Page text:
Russia and Iraq Deepen Energy, Military Ties

Publication: Eurasia Daily Monitor Volume: 17 Issue: 175

Gazprom Neft's gas plant at Badra, Iraq (Source:

As the United States hastens its drawdown of troops in Iraq before the January 20 inauguration of President-elect Joseph Biden, Russia is seeking to fill the developing geopolitical vacuum there. On November 25, following discussions in Moscow with Iraqi Foreign Minister Fuad Hussein, Russia’s top diplomat, Sergei Lavrov, remarked that Russian energy firms have invested billions of dollars in the Iraqi oil industry. “When it comes to energy, the largest Russian companies are working in Iraq together with their partners. These are Lukoil, Rosneft, Gazprom-Neft and Bashneft. All four have invested more than $13 billion in the Iraqi economy,” Lavrov told journalists (Interfax, November 25). He added that Moscow was also prepared to increase arms deliveries to Baghdad, stating, “We are ready to meet any Iraqi needs for Russian-made military products. Our country has traditionally played and continues to play a very important and significant role in ensuring Iraq’s defense capability and equipping its army and security forces, including in the context of continuing terrorist threats” (, November 25).

Previously, Baghdad expressed interest in acquiring Russia’s S-300 anti-aircraft surface-to-air missile (SAM) system; and Moscow reportedly offered Iraq the option to acquire the S-400 SAM system as well (Nezavisimaya Gazeta, November 25). Iraq’s need for more robust and deterrent-capable air-defense is evidenced by the fact that Turkish warplanes regularly violate Iraqi borders with impunity. For now, the Iraqi authorities have shelved plans to procure advanced Russian SAM systems after the US threatened to impose sanctions on Iraq—similar to those currently hanging over Turkey for buying the S-400 (see EDM, May 4; Daily Sabah, December 9)—if a purchase went forward (Voennoe Obozrenie, November 25). However, the US government’s plans to withdraw more of its military presence from Iraq may contribute to a shift in Baghdad’s calculus.

The logical source of revenue for Russian arms purchases is Iraqi oil exports—which, of course, compete with Russia’s own crucial foreign oil sales. According to President Vladimir Putin, however, petroleum, the fiscal lifeblood of both the Russian and Iraqi economies, is in for a rough future. Addressing an energy videoconference from Tobolsk on December 1, the Kremlin leader told his audience that the Russian government projects that future global demand for oil in the next five years will grow by only 1 percent. After this modest apex, he contended, world demand will begin to decline by 0.1 percent annually, necessitating substantial investment in Russia’s hydrocarbon sector to expand its export market share. Putin declared, “In general, we will undoubtedly continue to create comfortable conditions for the development of our oil-refining capacities for the activities of investors in this area. The government is already working hard on this” (, December 1).

The world’s major petroleum exporters are consequently fiercely vying for remaining markets, with the grand prize currently being cash-flush China. The Russian president noted, “China is one of the few countries to have increased purchases this year as fuel demand rebounded in the second quarter along with the economy as a whole” (RBC, December 1). In this volatile environment, the Organization of the Petroleum Exporting Countries (OPEC) cartel has been unable to impose order. Despite instituting production cuts in April in response to the pandemic-induced global recession, OPEC+ (which includes Russia) failed to definitively resolve those larger market-share export issues (Interfax, November 30).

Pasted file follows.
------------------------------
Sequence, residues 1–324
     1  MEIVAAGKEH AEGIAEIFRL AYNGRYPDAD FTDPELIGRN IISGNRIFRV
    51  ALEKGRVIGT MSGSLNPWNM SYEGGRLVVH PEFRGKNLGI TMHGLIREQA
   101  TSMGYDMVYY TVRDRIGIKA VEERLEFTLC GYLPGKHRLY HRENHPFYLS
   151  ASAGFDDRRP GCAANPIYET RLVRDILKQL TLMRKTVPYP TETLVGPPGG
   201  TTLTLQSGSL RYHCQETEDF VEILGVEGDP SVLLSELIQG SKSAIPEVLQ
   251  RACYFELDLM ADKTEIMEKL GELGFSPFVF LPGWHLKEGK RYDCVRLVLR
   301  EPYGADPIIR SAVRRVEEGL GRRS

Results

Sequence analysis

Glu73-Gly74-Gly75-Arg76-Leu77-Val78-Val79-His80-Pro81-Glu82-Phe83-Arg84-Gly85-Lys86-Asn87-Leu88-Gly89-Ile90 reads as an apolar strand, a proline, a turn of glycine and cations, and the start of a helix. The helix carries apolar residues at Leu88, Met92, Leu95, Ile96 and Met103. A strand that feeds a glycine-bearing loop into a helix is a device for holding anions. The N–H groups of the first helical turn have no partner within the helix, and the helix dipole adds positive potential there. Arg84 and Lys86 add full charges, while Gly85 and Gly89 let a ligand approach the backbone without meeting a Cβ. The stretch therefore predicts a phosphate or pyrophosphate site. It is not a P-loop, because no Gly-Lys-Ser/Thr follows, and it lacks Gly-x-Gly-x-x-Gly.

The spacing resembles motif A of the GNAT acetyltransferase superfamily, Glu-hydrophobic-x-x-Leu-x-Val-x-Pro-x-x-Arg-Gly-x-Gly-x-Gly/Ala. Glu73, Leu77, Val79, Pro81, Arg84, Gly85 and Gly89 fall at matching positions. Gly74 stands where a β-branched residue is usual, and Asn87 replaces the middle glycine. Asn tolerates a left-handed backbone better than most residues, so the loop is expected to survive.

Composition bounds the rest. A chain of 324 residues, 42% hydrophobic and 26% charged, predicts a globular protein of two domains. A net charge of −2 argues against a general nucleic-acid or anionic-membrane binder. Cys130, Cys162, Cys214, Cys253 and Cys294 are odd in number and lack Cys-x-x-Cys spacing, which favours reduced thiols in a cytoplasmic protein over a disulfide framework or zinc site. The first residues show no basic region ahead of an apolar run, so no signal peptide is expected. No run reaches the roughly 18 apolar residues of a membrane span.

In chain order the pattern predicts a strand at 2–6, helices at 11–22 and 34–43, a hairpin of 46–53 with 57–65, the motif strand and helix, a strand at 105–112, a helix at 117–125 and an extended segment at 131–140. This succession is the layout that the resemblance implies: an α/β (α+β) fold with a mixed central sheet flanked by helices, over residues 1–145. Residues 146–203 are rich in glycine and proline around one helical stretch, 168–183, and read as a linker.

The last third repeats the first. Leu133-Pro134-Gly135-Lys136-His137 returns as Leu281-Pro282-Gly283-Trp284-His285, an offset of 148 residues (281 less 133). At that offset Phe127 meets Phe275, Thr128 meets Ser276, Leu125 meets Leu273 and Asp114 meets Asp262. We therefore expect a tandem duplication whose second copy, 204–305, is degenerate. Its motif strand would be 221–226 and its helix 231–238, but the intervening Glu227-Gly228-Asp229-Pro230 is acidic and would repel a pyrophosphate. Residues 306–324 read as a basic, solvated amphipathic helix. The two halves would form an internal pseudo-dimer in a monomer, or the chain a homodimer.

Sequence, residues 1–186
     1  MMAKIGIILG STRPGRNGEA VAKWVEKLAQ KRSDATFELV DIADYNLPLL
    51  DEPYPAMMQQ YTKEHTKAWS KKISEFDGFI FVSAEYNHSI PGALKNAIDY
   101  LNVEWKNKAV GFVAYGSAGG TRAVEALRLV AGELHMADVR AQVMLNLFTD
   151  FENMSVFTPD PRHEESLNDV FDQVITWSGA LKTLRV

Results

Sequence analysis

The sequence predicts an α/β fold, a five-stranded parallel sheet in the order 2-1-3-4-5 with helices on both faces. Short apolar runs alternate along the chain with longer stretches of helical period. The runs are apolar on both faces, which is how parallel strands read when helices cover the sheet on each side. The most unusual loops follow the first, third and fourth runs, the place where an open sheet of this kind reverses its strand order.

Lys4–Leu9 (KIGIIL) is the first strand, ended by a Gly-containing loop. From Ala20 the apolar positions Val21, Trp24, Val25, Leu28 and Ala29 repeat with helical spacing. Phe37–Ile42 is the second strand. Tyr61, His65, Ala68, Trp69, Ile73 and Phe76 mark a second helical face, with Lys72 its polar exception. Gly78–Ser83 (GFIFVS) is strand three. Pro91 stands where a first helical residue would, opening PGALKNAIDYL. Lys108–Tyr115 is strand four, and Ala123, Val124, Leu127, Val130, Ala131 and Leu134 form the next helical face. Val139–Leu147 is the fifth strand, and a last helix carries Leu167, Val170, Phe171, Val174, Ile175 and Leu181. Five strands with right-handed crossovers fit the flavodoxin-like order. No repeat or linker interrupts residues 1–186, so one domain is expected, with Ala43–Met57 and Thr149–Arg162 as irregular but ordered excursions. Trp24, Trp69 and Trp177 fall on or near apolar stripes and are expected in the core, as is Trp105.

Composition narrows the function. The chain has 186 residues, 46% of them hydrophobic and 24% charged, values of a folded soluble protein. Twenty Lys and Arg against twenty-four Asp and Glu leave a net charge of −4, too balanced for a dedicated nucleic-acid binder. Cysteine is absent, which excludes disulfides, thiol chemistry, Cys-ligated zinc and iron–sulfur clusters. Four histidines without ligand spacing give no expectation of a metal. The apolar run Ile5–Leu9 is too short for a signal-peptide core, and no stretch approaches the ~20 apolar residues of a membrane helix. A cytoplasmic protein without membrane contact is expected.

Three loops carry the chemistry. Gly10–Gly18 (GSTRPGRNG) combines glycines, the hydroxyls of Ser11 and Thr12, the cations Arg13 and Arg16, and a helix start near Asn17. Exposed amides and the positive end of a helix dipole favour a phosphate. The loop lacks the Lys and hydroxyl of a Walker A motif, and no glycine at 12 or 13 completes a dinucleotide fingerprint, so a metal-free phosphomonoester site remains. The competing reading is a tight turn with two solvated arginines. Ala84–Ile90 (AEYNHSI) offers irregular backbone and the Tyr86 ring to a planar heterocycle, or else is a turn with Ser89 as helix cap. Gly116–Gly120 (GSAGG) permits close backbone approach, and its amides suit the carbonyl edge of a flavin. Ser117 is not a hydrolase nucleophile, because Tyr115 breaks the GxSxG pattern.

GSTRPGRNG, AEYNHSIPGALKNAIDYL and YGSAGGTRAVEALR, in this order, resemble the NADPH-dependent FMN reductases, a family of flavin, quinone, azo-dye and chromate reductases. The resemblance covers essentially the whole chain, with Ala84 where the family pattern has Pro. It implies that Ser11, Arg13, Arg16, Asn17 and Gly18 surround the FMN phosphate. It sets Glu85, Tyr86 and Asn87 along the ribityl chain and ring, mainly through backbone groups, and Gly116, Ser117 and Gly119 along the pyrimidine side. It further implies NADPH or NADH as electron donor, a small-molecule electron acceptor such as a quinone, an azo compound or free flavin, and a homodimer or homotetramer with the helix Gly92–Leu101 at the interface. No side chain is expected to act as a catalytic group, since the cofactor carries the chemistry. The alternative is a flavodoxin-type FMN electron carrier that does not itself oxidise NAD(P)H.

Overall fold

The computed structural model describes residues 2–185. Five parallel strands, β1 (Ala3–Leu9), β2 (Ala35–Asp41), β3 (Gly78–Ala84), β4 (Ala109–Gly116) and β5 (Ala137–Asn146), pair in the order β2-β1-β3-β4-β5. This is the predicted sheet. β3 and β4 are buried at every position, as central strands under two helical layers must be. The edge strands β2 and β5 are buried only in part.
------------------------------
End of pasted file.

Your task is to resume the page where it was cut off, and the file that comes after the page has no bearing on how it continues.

China is a market where Russian and Iraqi producers directly compete. So it is not surprising that Russia has sought to boost its standing by purchasing stakes in Iraq’s petroleum sector. In October Russia regained first place as China’s largest oil supplier. Since the start of the year, China increased oil imports from Russia by 13.8 percent, to 71.26 million tons, compared to 2 percent growth (to 69.5 million tons) from Saudi Arabia. However, despite starting from a significantly lower base level, Iraq’s petroleum exports to China grew by a whopping 25.6 percent, to 51.84 million tons (Interfax, November 25). The head of the Alpari financial analytical center, Aleksandr Razuvaev is bullish on the energy sector in 2021: after noting that “optimism reigns in the oil market,” Razuvaev remarked, “China will be the key market, and Russia, Saudi Arabia and Iraq are actively fighting for it” (Rosbalt, November 27).

In Iraq, Russia has simultaneously found a hydrocarbon competitor as well as a potential lucrative armaments customer. Investing in Iraq’s oil industry engenders goodwill for Russia, while arms exports assist Baghdad in reasserting its sovereignty as it distances itself from foreign military intervention. After meeting with his Iraqi counterpart last month, Foreign Minister Lavrov announced that reciprocal official visits of Iraq’s Defense Minister Juma Inad Saadoun to the Russian Federation and Russia’s Defense Minister Sergei Shoigu to Iraq were being planned for the near future (, November 25). Putin’s government has apparently concluded the Chinese market is big enough for all, while Iraqi oil export revenues—of which Russian investors will draw their cut—can help underwrite Russian weapons purchases.